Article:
The floodgates opened with Federal interference/take-over in private industry. No one can be surprised that some willing States ( and lobbies & industries – etc.) would be far behind in lining up at the Fed trough.

Nifty opinion – http://www.bloomberg.com/apps/news?pid=n ewsarchive&sid=abPswcmJHZVA

I really believe that the administration does not understand their policy consequences, and so many of their positions are having/will generate an inverse out come. So like the Bloomberg opinion piece says, they wanted to limit and decrease Lobbyist influence — instead they create a hot bed of Lobbyist activity in the place you would want it least., Their JOBS, JOBS, JOBS is a JOB KILLER.

Both Carter & Wilson were better men than they were Presidents. Let’s hope this isn’t some kind of redux.

Posted by Siobhan Sack | Report as abusive

Obama will do ‘whatever it takes’ to boost the economy? Really?

Jul 2, 2009 19:56 UTC

On CNBC today, WH economist Christina Romer said the president is committed to “doing whatever it takes” to turn around the economy. And she did not rule out a second stimulus plan. Yet the president will not cut corporate taxes or investment taxes —  even temporarily much less in a permanent way that would boost confidence and certainty. I think the WH believes it can pretty much ride this out, 2012 being a long way a way and Dems have structural advantages in 2010.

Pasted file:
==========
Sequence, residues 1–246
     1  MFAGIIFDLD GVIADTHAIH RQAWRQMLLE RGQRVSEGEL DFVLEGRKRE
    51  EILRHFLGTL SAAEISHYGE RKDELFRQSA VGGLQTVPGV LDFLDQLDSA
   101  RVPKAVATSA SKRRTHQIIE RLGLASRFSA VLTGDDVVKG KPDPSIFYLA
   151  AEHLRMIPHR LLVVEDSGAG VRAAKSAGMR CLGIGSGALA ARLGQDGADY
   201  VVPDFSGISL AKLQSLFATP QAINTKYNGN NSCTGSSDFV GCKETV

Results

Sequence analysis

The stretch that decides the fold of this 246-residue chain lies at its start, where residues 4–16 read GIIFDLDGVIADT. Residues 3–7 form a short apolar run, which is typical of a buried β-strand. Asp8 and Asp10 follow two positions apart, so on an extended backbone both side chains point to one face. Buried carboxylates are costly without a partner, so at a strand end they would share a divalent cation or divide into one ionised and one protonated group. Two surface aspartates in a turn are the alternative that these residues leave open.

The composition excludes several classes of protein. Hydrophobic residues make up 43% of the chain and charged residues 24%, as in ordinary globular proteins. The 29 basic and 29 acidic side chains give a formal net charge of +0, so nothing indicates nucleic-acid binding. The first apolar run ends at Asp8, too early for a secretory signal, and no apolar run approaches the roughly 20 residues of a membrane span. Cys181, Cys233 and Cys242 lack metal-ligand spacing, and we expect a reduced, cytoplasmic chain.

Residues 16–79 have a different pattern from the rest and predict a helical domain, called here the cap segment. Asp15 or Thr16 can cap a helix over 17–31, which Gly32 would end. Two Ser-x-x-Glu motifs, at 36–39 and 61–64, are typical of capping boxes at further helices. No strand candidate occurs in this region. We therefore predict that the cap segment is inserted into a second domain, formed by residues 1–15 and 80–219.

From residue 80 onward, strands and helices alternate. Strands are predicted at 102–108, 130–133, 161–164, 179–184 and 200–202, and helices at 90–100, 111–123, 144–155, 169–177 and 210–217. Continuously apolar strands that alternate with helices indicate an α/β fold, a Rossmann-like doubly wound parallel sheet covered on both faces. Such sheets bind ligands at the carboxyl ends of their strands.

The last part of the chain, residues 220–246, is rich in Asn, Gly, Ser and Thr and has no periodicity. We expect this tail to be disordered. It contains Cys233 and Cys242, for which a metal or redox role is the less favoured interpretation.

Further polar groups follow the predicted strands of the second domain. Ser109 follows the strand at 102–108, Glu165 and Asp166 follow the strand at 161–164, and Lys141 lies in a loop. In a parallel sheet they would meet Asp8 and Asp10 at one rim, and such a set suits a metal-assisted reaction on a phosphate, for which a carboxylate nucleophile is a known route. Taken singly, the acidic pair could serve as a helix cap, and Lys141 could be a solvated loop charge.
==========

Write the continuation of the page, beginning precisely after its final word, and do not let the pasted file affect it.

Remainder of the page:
So people REALLY want the Republicans back? Are they insane or simply unconscious? The best thing for this country would be for Bush to have been the last Replublican President and a new, non-religious alternative Party formed that is not dedicated to selecting the next country to invade. And one that cares about the people who put them in office.

Taxes, shmaxes. If they want to take from you, they will. You can do NOTHING about it other than to limit interests hostile to you from power. They call it “democracy” and we do not have it. Less every year.

Posted by Texas Mike | Report as abusive

Why was Obama so wrongly optimistic on the economy?

Jul 1, 2009 14:11 UTC

So David Leonhardt of the NYT attempts to explain why the Obama administration was overly optimistic about the economy in its now-infamous “unemployment will not go above 8 percent” forecast:

Here are two possible explanations that the administration was so wrong. And sorting through them matters a great deal, because they point in opposite policy directions. The first explanation is that the economy has deteriorated because the stimulus package failed. Some critics say that stimulus just doesn’t work, while others argue that this particular package was too small or too badly constructed to make a difference. The second answer is that the economy has deteriorated in spite of the stimulus. In other words, the patient is not as sick as he would have been without the medicine he received. But he is a lot sicker than doctors realized when they prescribed it. To me, the evidence is fairly compelling that the second answer is the right one.

Henry Blodget sees it this way:

We suspect Obama, Summers, Geithner & Co. just decided that they had to issue rose-colored projections about the unemployment rate and recovery or they would never have a hope in hell of ramming such huge spending increases through.  And if the forecasts proved optimistic?  Well, by then, maybe everyone would have forgotten.